Above the Falls
by John Harris
Published by Touchwood Editions
139 pages, 2007
Trapping a Killer
Reviewed by Cherie Thiessen
The time is 1936, the place Nahanni River in Northern Canada. Two trappers in a remote area have gone missing. George Dalziel, a successful entrepreneur, had flown them up to his trapline where they were to spend several months trapping marten and beaver for him.
Known as the “flying trapper,” Dalziel is a clever businessman, using his plane to fly his men into the far reaches of South Nahanni and the Liard river, pristine areas new to traplines where the take is bountiful and the life dangerous. He is too successful, however, and the authorities want to shut him down. When he flies in again to pick up pelts and to bring supplies to his men and finds their cabin burnt, he has more to think of than just finding them; if they’re dead this could be just the excuse the government needs to stop his enterprise. What’s he going to do? Dalziel is an interesting, larger-than-life character; he’s the one who moves the story along. I’d like to see a book on his life alone. Actually, a film would be even better.
Harris, who is the author of seven other works, seems to be at home blending fiction and fact, plot and archival research. In this case, an unsolved murder case is the touchstone for the book.
Readers beware, however. The cover of Above the Falls promises a suspense that isn’t there: “A remote lake, a burned-out cabin, two men missing. Was it murder?”
On the back of the book, we have a similar promise of suspense, a gripping winter chase and an unsolved mystery. For me, this publicity is working against the book. Why promise something that is not going to be delivered? In Above the Falls, Harris makes a deliberate choice to put the reader in the know from the start. Dramatic irony, where the reader knows what the characters don’t, allowing us to be omnipotent by giving us information before any of the players. We can then sit back and watch as they stumble toward the truth. What dramatic irony gives up, however, is suspense. We are not reading to find out whodunit, or why, or even how. Readers interested in a good mystery, therefore, won’t find it in Above the Falls.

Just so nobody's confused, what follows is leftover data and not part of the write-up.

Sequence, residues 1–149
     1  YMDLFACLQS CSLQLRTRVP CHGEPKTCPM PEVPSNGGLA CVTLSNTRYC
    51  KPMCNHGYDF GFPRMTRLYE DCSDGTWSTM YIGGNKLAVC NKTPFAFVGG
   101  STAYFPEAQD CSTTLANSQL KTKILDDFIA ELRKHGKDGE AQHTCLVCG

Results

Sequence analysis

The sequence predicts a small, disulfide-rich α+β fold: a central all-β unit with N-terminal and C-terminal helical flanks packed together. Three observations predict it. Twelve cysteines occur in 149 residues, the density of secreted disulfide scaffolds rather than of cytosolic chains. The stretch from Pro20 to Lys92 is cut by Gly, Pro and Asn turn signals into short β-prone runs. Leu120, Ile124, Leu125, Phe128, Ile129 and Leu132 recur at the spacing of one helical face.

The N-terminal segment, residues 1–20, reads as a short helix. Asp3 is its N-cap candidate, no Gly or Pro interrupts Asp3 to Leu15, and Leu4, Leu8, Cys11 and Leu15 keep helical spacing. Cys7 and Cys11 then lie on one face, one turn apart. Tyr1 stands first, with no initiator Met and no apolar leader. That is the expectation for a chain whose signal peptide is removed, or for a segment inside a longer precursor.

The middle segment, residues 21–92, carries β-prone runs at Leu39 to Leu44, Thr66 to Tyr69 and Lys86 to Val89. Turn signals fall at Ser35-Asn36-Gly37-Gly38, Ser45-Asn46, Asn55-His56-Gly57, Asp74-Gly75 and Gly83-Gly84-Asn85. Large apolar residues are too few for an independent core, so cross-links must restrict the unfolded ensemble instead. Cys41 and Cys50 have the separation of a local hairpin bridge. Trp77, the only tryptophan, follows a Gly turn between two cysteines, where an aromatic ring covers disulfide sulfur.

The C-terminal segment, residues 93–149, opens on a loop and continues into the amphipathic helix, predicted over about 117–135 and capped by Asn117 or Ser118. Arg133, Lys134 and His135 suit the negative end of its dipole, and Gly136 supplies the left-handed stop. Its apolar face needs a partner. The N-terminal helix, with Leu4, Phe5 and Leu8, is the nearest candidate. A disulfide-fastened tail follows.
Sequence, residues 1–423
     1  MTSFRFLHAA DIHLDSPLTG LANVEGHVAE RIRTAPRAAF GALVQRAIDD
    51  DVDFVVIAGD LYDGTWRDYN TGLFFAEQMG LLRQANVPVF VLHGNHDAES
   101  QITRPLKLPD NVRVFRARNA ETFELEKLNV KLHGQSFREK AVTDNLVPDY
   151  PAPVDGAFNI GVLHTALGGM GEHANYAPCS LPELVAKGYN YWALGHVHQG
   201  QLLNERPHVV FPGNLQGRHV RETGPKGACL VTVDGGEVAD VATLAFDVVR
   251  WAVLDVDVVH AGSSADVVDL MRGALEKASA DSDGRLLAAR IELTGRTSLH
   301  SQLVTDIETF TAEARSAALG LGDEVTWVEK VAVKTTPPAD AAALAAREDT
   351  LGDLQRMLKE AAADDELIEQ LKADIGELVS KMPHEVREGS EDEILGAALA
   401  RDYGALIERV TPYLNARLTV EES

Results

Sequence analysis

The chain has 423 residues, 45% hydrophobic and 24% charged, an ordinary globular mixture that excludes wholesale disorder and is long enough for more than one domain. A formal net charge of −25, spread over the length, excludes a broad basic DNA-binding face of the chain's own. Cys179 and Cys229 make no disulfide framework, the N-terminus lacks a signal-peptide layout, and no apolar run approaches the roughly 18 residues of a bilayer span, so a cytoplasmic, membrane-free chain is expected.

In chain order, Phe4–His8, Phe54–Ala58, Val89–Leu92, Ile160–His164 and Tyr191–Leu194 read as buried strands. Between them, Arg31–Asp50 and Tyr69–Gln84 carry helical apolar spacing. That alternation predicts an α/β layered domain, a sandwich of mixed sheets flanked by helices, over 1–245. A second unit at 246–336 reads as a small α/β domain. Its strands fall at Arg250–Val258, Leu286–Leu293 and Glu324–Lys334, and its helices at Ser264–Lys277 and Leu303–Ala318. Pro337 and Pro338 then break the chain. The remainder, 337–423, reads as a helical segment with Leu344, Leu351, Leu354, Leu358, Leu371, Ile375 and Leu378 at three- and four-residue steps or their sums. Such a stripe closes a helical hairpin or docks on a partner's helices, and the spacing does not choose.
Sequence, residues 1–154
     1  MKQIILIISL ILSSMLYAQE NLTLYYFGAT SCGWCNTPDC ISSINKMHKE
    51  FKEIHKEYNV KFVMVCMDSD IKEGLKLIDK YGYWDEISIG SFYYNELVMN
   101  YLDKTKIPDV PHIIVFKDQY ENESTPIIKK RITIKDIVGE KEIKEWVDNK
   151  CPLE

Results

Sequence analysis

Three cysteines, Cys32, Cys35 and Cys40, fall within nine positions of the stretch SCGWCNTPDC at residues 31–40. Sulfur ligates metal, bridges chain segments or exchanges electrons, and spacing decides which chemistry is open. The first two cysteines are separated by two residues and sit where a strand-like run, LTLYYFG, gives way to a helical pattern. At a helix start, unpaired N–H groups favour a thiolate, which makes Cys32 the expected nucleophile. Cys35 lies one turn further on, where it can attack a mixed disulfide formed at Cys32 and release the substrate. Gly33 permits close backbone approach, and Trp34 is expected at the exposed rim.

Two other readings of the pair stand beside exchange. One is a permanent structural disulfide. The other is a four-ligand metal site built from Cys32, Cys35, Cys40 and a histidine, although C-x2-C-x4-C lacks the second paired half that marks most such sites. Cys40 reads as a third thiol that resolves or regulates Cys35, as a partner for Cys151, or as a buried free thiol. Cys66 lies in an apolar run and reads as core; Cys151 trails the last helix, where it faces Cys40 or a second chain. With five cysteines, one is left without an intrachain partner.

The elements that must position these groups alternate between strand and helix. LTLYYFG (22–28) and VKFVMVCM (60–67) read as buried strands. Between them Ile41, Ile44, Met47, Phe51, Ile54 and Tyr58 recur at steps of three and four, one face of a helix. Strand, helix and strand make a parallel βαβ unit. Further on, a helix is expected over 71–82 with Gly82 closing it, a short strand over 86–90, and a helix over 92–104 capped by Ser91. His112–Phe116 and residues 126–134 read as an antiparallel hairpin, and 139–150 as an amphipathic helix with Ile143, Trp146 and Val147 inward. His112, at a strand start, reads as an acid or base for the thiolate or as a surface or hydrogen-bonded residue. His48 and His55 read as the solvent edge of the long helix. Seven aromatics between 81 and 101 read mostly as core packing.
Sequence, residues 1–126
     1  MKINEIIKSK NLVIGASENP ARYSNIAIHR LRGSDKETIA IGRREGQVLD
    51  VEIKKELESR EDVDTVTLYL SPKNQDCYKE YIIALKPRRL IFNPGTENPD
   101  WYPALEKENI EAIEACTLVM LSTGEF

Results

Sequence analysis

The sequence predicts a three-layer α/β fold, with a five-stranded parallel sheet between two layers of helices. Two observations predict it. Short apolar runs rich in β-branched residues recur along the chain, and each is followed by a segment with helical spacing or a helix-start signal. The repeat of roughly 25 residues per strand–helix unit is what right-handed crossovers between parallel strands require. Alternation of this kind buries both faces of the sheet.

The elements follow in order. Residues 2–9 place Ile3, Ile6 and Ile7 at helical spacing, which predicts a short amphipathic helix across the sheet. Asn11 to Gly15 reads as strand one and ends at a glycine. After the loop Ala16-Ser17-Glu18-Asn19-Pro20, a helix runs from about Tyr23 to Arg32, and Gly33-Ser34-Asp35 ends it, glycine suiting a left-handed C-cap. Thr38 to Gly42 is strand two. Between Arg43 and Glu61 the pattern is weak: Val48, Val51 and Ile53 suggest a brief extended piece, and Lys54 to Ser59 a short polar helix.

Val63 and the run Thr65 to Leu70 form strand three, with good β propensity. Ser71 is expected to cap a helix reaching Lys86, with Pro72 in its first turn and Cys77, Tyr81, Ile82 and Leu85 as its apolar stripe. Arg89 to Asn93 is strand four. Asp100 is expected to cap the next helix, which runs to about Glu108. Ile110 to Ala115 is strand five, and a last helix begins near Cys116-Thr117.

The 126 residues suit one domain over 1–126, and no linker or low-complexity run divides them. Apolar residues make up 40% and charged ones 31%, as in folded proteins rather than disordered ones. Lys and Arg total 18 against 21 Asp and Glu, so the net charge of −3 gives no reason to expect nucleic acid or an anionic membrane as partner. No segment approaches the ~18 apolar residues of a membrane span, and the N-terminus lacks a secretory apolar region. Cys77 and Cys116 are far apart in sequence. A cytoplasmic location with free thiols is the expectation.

This real-life mystery may be unsolved in police files, but not in Harris’ book. His research is impressive and his conclusions feel sound. Of course this is that wonderful genre, creative non-fiction. As Harris says in his afterword, where he thoughtfully includes real life biographies of his main characters.:
So if it is not really a mystery, then why read it? For its historical perspective. What the back cover does accurately tell us about the book is that it paints a vivid picture of a now-vanished lifestyle. It portrays trappers living off the land, shooting and drying their meat when they need a fresh supply, catching their fish, sleeping rough, living in small cabins and tents. It reminds us of the frontier mindset -- when the belief that everything in nature was there just for us and just for the taking -- was common. The naïve idea that nature would always provide, no matter how much we took, was prevalent not so long ago. Many of us can still remember a time when a crab trap would yield crabs, when a fishing line would bring up a cod if not a salmon, when shellfish abounded for the taking and when hunting was many of our fathers’ favorite ways of relaxing and filling the freezer. Depending on their points of view, readers may feel nostalgic, or nauseated.
Above the Falls is a fairly quick read, well researched, and well re-created as fiction by an author who knows the area of which he writes and who has had wide experience in writing non-fiction. | July 2007
Cherie Thiessen has been a scriptwriter, playwright, creative writing instructor and -- for the past 10 years -- a travel writer and book reviewer. She was the review columnist for Focus on Women Magazine for eight years and has also written numerous reviews for magazines including BC Bookworld, Monday Magazine, Pacific Yachting, Cottage Magazine, The Driftwood News, Linnear Reflections and Douglas College's Event Magazine.